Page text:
The Ontario government is recommending, but not enforcing masks on public transit as the province's economy gradually reopens. It says transit agencies should provide sanitizers in the vehicles, barriers between drivers and passengers, and physical distancing measures.
Health Minister Patty Hajdu said Friday her ministry has been working with provinces to make sure they have the materials needed to meet their testing goals, including swabs, reagents and people to do the work.
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"We see ourselves as building capacity for all the provinces and territories to test to their fullest need," she told the House of Commons committee on government operations. Each province has its own testing strategy, and Ottawa must adapt its support to meet their individual needs, she said.
On the political front, negotiations are to continue this weekend among federal parties over how Parliament should function as the COVID-19 crisis drags on, along with lockdown measures introduced in March.
Conservative Leader Andrew Scheer has said Parliament should reconvene on Monday for regular in-person sittings, arguing that the current practice of virtual meetings has run its course. He wants Parliament declared an essential service.
The House of Commons has been largely adjourned since mid-March. Fewer than three dozen MPs have been meeting in the Commons chamber once a week, and twice a week by videolink, giving more MPs a chance to participate without risk of spreading the novel coronavirus.
As of 6 p.m. ET on Saturday, Canada had 83,621 confirmed and presumptive coronavirus cases, with 43,318 of those considered resolved or recovered. A CBC News tally of deaths attributed to coronavirus based on provincial data, regional health information and CBC's journalism stood at 6,447.
Federal public health officials have been encouraging people to stick with frequent handwashing, cough etiquette, physical distancing and staying home when sick. On Wednesday, Canada's Chief Public Health Officer Dr. Theresa Tam added another recommendation, saying people should wear non-medical face masks in public when they aren't sure they will be able to physically distance.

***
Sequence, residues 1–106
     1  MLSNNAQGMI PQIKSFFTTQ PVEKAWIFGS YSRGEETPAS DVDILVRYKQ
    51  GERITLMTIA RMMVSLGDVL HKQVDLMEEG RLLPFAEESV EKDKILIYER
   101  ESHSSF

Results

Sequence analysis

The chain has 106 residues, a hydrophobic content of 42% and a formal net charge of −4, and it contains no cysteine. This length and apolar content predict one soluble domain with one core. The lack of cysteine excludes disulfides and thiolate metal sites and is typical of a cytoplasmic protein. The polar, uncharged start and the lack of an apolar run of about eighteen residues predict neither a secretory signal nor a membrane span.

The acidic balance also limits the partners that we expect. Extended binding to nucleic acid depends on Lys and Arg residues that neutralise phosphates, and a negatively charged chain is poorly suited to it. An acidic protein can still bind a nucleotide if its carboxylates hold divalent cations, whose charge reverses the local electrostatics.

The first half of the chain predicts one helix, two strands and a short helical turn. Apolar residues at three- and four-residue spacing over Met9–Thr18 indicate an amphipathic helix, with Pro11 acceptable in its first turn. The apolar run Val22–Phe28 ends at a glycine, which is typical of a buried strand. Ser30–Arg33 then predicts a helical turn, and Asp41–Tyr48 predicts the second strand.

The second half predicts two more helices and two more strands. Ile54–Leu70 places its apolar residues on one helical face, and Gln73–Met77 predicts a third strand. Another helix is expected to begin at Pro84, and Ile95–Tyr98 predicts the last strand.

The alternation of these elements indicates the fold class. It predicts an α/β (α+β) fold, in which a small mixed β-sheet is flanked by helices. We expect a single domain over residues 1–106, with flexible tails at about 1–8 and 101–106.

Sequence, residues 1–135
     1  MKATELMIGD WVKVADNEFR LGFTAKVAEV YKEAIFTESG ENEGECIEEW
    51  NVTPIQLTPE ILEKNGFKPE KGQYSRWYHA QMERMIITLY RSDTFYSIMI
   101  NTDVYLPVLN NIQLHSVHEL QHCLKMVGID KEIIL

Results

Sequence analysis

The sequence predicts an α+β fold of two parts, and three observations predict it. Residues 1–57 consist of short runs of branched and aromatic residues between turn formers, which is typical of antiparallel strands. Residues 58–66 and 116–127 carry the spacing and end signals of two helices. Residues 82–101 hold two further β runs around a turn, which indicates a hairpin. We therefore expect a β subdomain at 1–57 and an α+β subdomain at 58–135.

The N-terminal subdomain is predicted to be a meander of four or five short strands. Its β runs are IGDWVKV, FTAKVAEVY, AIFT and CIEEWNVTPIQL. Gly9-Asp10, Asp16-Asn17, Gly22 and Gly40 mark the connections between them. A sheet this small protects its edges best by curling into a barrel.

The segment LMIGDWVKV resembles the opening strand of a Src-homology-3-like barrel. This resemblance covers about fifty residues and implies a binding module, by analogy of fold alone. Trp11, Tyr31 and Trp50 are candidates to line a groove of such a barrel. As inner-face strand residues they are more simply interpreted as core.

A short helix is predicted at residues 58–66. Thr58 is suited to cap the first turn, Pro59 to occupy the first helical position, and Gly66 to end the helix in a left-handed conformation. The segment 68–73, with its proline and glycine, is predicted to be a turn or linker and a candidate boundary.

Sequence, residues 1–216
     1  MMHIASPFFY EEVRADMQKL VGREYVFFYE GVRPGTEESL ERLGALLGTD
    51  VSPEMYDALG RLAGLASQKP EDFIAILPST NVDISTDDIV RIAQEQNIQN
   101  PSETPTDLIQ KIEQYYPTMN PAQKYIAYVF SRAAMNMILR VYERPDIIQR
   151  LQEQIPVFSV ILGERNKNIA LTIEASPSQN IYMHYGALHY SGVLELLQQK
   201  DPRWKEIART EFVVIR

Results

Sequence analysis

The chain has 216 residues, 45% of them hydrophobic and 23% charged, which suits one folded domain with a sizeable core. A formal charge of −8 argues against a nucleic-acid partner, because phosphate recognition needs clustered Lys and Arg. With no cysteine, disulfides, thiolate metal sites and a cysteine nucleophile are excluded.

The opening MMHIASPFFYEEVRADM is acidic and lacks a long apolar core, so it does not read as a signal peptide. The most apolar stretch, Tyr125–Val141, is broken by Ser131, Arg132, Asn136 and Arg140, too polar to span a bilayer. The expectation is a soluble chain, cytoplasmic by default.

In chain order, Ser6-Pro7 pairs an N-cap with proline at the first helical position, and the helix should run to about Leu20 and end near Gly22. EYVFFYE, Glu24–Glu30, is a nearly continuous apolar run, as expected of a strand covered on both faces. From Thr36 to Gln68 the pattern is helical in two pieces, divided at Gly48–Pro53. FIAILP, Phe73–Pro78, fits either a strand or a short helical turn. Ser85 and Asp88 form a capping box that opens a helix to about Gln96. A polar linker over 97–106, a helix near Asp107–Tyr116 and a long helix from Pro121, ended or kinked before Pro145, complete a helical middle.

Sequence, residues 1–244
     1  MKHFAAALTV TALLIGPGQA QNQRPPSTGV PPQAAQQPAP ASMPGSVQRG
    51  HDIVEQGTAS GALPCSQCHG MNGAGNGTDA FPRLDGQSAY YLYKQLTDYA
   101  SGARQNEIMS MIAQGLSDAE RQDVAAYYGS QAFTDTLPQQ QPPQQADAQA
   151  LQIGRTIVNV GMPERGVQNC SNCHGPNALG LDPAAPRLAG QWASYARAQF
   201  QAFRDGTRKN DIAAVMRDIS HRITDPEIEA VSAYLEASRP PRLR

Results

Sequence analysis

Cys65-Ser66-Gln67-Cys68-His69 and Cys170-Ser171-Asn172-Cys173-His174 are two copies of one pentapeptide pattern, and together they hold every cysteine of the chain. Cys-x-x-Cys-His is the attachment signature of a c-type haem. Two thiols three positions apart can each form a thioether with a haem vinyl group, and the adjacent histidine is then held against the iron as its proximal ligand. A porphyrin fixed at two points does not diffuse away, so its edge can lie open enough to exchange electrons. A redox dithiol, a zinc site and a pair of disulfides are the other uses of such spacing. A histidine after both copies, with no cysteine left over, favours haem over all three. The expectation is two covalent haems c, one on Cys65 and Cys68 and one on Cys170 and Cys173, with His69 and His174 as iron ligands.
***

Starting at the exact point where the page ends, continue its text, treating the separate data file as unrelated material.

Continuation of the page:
Here's what's happening in the provinces and territories
British Columbia's Provincial Health Officer Dr. Bonnie Henry said Saturday that, for the first time in a long while, no new cases have been reported among residents of the province's long-term care homes.
Days into B.C.'s transition into Phase 2 of re-opening, Henry noted the probability of new infections will go up as there are more gatherings — and that could be reflected in the number of cases early next week.
"Catching it early means we can respond, and make sure the chains of transmission are stopped," she said. "The faster we can identify new cases, the faster we can respond to prevent spread." Read more about what's happening in B.C.
WATCH | 'Things are going mostly really well,' says Henry:
In Alberta, Calgary and Brooks will join the rest of the province by allowing bars, restaurants, hair salons and barbershops to open on Monday, while more restrictions will be lifted across the province on June 1.
Premier Jason Kenney said Friday that the decision comes on the advice of the chief medical officer of health, though he warned that the virus is still a threat.
"While this is positive news for many, it doesn't mean that we're out of the woods yet," said Kenney. Read more about what's happening in Alberta.
WATCH | Kenney strongly encourages but won't mandate use of masks: